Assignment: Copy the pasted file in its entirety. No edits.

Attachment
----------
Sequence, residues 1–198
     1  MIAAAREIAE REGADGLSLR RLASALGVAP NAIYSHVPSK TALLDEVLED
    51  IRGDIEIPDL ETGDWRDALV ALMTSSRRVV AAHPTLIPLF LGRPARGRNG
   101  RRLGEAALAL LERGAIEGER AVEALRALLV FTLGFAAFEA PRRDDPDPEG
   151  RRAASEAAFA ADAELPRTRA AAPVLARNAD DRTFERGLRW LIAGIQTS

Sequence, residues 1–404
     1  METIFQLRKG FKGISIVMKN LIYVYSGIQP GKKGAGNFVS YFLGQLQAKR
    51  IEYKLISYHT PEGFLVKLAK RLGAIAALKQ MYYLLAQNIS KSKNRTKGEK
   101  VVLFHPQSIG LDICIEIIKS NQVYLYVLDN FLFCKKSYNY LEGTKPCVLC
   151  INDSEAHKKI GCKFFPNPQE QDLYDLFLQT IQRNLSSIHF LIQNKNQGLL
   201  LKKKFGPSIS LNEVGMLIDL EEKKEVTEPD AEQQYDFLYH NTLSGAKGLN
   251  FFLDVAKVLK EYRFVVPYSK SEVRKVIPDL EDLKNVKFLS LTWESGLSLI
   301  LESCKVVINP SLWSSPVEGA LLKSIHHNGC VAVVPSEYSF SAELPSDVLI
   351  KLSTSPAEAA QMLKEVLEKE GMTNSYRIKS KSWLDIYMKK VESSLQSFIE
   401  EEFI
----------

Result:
Sequence, residues 1–198
     1  MIAAAREIAE REGADGLSLR RLASALGVAP NAIYSHVPSK TALLDEVLED
    51  IRGDIEIPDL ETGDWRDALV ALMTSSRRVV AAHPTLIPLF LGRPARGRNG
   101  RRLGEAALAL LERGAIEGER AVEALRALLV FTLGFAAFEA PRRDDPDPEG
   151  RRAASEAAFA ADAELPRTRA AAPVLARNAD DRTFERGLRW LIAGIQTS

Sequence, residues 1–404
     1  METIFQLRKG FKGISIVMKN LIYVYSGIQP GKKGAGNFVS YFLGQLQAKR
    51  IEYKLISYHT PEGFLVKLAK RLGAIAALKQ MYYLLAQNIS KSKNRTKGEK
   101  VVLFHPQSIG LDICIEIIKS NQVYLYVLDN FLFCKKSYNY LEGTKPCVLC
   151  INDSEAHKKI GCKFFPNPQE QDLYDLFLQT IQRNLSSIHF LIQNKNQGLL
   201  LKKKFGPSIS LNEVGMLIDL EEKKEVTEPD AEQQYDFLYH NTLSGAKGLN
   251  FFLDVAKVLK EYRFVVPYSK SEVRKVIPDL EDLKNVKFLS LTWESGLSLI
   301  LESCKVVINP SLWSSPVEGA LLKSIHHNGC VAVVPSEYSF SAELPSDVLI
   351  KLSTSPAEAA QMLKEVLEKE GMTNSYRIKS KSWLDIYMKK VESSLQSFIE
   401  EEFI